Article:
We can begin today, dedicate a moment of prayer this evening, during which we ask ourselves: how was my day? What were its joys, what were its sorrows, what were its monotonies, how did it go, what happened? What were the pearls of the day, possibly hidden, to be thankful for? Was there a little love in what I did? And what are the falls, the sadness, the doubts and the fears to bring to Jesus so that he can open new ways to me, to lift me up and encourage me? May Mary, wise Virgin, help us to recognize Jesus who walks with us and to re-read — here is the word: re-read — every day of our life in front of him.
After the Regina Caeli, the Holy Father continued:
Dear brothers and sisters, yesterday, in Paris, Henri Planchat, priest of the Congregation of Saint Vincent de Paul, Ladislas Radigue and three companion priests of the Congregation of the Sacred Hearts of Jesus and Mary were beatified. Pastors inspired by apostolic zeal, they were united in their witness to the faith to the point of martyrdom, which they suffered in Paris in 1871, during the so-called Paris “Commune”. A round of applause for the new Blesseds!
Yesterday was Earth Day. I hope that commitment to care for creation may always be combined with effective solidarity with the poorest.
Unfortunately, the situation in Sudan remains grave, and therefore I renew my appeal for an end to the violence as soon as possible and for a return to the path of dialogue. I invite everyone to pray for our Sudanese brothers and sisters.
Today is the 99th Day for the Catholic University of the Sacred Heart, on the theme For the love of knowledge. The challenges of the new humanism. I hope that the largest Italian Catholic university will face these challenges with the spirit of the founders, in particular the young Armida Barelli, proclaimed Blessed a year ago.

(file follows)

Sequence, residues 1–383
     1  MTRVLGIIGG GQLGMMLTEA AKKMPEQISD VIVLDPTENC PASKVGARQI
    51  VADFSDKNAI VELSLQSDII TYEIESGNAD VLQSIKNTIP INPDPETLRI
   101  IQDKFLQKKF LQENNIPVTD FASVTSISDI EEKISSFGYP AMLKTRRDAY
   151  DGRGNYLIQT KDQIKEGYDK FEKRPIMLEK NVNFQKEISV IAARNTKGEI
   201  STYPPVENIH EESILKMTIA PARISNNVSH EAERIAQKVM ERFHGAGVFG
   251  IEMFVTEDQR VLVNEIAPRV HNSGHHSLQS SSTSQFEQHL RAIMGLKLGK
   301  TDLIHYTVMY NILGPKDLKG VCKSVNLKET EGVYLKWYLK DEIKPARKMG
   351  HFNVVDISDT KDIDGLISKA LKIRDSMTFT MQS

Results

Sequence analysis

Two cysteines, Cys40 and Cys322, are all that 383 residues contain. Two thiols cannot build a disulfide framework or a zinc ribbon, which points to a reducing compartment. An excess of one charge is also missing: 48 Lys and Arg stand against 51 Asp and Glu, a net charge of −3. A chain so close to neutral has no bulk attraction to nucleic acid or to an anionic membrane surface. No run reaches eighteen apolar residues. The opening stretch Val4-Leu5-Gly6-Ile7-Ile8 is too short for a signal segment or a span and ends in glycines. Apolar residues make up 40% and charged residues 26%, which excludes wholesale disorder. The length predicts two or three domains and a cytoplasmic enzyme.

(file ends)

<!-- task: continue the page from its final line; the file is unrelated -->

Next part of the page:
Next Friday, I will travel to Budapest, in Hungary, for three days, to complete the trip I made in 2021 for the International Eucharistic Congress. It will be an opportunity to embrace once again a Church and a people so dear to me. It will also be a journey to the centre of Europe, over which the icy winds of war continue to blow, while the displacement of so many people puts urgent humanitarian questions on the agenda. But now I wish to address you with affection, dear Hungarian brothers and sisters, as I look forward to visiting you as a pilgrim, friend and brother of all, and to meet, among others, your authorities, the bishops, the priests and consecrated persons, the young, the university community and the poor. I know you are making great efforts to prepare for my arrival: I thank you from my heart for this. And I ask you all to accompany me on this journey with your prayers.
And let us not forget our Ukrainian brothers and sisters, still afflicted by this war.
I greet you all from my heart, people of Rome and pilgrims from Italy and many countries — I see the flags of many countries — in particular those of Salamanca and the students of Albacete, as well as the Veneto-Trentino group of the Order of Malta Relief Corps.
I greet the faithful of Ferrara, Palermo and Grumello del Monte; the community of the Diocesan School of Lodi; the young people of various towns in the Dioceses of Alba, Bergamo, Brescia, Como and Milan; the candidates for Confirmation from many Italian parishes; the pupils of the Sacred Heart Institute of Cadoneghe; the “Volœntieri” cooperative from Casoli and the “Mototurismo” group from Agna.
I wish you all a happy Sunday; and please do not forget to pray for me. Enjoy your lunch. Arrivederci!